I have decided to start a series on the blog. This started out as a bit of a joke between my sister and I. We make an event of spending time together once a week and that time is most often spent at the library. We like to commiserate on the (insert eye roll here) woes of that bibliophile life. Sometimes these lighthearted talks are nothing more than jest, but we have had our share of “me too!” moments as well.
I give you: My Literary Sins. All lovers of books have them. We do come in all kinds of varieties, with different values and systems that rule us all.
This year has been the year of the audiobook for me. This takes me by surprise because I used to have weird rules about audiobooks. I was against them for the most part and considered it to be lazy reading or for people with no attention span or imagination. Maybe my aversion for audiobooks started long ago. When I was in Kindergarten, every Monday in music class my teacher, Mrs. Hickey (you don’t forget a name like that) would have all of the students either lay down on the floor or across 3 chairs and close our eyes and listen to an audio cassette recording. The one that stands out the most to me was the famous ghost story of The Golden Arm. If this was their attempt at nap time for 5 year olds, these people had to be sadists. Every Monday was a terror. And the chairs were awful.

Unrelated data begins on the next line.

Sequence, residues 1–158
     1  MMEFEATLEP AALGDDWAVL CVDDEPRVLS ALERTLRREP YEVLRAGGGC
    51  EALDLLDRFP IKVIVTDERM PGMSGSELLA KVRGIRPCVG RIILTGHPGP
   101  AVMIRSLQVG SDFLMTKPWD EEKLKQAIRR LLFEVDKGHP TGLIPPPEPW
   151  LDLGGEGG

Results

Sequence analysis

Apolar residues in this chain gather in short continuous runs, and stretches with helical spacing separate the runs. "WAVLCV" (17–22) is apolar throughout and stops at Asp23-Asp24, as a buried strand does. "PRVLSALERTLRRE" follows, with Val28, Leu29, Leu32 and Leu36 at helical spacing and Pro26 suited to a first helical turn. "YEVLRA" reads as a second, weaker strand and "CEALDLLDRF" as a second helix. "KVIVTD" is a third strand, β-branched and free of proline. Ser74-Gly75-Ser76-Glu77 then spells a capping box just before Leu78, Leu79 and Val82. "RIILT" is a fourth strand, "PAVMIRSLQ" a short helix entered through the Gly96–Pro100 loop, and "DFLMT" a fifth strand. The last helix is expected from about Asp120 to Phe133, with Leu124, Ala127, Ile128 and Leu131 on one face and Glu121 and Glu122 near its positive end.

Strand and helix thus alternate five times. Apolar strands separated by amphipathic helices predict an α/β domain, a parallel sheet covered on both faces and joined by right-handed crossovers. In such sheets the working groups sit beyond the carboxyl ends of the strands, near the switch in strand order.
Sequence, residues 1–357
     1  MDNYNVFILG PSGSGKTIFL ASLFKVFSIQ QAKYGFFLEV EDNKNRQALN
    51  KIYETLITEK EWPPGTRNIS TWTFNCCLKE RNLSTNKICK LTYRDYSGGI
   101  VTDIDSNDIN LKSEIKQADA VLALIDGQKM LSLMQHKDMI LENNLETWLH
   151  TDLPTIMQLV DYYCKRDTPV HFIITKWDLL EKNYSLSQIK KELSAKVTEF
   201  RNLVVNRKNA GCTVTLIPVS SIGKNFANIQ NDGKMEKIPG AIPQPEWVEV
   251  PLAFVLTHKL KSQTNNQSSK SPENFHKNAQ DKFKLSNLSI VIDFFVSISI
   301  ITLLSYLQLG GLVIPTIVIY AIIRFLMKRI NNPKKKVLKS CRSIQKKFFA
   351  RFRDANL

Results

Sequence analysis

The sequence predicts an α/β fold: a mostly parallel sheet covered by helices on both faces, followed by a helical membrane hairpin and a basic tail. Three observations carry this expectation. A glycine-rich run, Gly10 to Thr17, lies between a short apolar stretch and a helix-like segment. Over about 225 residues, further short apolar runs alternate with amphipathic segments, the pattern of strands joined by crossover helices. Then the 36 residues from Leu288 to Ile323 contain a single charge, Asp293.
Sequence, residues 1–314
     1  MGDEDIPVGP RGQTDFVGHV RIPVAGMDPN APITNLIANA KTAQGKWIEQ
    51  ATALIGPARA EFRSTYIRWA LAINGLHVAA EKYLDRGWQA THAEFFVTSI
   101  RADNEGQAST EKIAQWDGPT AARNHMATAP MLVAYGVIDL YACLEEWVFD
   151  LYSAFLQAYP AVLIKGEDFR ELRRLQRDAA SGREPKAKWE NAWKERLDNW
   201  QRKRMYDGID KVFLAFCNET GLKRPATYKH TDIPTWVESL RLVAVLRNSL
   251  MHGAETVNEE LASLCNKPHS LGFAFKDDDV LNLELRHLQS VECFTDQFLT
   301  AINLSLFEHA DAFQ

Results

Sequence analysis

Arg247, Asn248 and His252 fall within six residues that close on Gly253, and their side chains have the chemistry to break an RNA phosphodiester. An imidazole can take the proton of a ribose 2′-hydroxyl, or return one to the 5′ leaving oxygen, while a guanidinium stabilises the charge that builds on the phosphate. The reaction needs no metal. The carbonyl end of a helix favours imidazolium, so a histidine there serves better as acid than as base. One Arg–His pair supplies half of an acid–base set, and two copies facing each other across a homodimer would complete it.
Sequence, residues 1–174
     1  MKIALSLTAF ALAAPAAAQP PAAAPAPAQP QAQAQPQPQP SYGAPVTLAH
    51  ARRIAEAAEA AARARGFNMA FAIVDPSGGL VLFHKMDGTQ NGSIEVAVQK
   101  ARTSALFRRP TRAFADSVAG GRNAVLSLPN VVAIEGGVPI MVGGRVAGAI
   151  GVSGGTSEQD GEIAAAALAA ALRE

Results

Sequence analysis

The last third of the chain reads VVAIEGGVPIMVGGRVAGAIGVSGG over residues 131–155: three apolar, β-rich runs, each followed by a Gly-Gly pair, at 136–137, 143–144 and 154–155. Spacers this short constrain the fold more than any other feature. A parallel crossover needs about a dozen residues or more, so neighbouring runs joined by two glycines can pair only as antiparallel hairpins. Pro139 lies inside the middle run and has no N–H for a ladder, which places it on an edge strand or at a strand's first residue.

As I got older and my various English teachers would have us read along with a tape providing narration on the books for our class, I would just get annoyed at the narrators. I learned to tune them out and just read ahead on my own, which would then result in chastisement from my teachers.
Tisk. Tisk. Naughty. Naughty.
No reader left behind.
As adults we tend to rather enjoy creating our own systems rather realized or not in which we navigate and manipulate our world. As such, I did the same for the prospect of audiobooks. I came around in the sense that I no longer utterly disdained audiobooks, but felt that I needed to maintain some integrity. A girl has got to have standards! So I reasoned that I would be okay with listening to audiobooks, provided that the book in question was one that I have already read on my own in the purity of my own mind. In some bizarre sense I felt that my imagination would be corrupted if I listened to an audio version before reading a book on my own.
My imagination is not maimed by the fact that other people have put their imagination to work in the art form of spoken word.
The change in my rigid thinking began in 2015 when I heard the brillant audio that accompanied Lemony Snicket’s The Composer is Dead. Although I had read the book before listening to the audio, this was totally different. It was more than just listening to a book. It became an experience. Listening to this audiobook brought me back to my senior year of high school when I decided to try Oral Interpretation instead of a 4th year of Theater.
I started to see audiobooks through the same lens that I would view an Oral Interp performance. Every audiobook is just another interpretation of a written work. My imagination is not maimed by the fact that other people have put their imagination to work in the art form of spoken word. These days, I tend to seek out audiobooks from certain sources because of the fact that I do value their interpretation. This is especially true of authors who narrate their own works with great skill.
You guys. At the time of this writing, 22 out of 49 books I have read so far this year have been audiobooks. I think it’s safe to say that I have progressed on my narrow ways of thinking. I have gone from abhorring them → to being okay with them → to loving them. I used to feel so guilty about not being able to get more reading done because of my ever growing to-do list, but now that I have embraced audiobooks, I can have it all! And so can you!